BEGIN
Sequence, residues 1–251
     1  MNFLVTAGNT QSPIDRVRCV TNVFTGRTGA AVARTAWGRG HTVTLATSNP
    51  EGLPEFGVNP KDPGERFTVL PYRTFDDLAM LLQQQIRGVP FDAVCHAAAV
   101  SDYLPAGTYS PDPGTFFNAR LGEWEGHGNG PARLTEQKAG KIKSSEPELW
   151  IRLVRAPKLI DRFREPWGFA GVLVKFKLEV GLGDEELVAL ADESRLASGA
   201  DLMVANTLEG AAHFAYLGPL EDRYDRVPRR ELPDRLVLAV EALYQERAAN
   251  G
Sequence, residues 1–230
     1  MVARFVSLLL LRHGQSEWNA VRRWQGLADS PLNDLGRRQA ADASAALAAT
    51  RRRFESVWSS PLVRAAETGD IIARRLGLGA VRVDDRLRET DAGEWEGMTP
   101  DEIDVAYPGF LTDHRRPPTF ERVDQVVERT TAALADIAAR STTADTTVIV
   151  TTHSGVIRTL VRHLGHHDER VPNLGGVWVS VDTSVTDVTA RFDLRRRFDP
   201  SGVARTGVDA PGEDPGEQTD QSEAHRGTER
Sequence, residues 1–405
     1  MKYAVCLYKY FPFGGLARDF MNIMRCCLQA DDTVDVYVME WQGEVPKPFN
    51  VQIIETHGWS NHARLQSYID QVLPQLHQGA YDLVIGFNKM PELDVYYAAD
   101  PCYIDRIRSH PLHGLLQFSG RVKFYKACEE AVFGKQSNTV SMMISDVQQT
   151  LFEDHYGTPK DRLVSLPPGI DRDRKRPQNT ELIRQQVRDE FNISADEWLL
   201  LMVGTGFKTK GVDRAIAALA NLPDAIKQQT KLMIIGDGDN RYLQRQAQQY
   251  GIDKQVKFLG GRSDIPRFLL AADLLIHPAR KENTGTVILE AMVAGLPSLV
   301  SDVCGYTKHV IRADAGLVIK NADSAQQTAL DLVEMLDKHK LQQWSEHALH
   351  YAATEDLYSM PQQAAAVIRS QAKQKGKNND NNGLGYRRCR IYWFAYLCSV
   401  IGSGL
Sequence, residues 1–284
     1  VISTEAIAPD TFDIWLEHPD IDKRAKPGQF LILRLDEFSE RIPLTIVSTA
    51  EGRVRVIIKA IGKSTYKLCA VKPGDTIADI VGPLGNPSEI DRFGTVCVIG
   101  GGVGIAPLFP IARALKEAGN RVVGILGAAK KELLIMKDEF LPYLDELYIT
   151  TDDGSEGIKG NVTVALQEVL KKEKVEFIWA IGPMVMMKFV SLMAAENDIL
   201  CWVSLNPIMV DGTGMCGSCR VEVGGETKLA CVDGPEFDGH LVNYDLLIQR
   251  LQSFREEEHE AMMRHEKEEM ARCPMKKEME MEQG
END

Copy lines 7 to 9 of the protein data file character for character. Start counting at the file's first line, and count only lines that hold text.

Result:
   251  G
Sequence, residues 1–230
     1  MVARFVSLLL LRHGQSEWNA VRRWQGLADS PLNDLGRRQA ADASAALAAT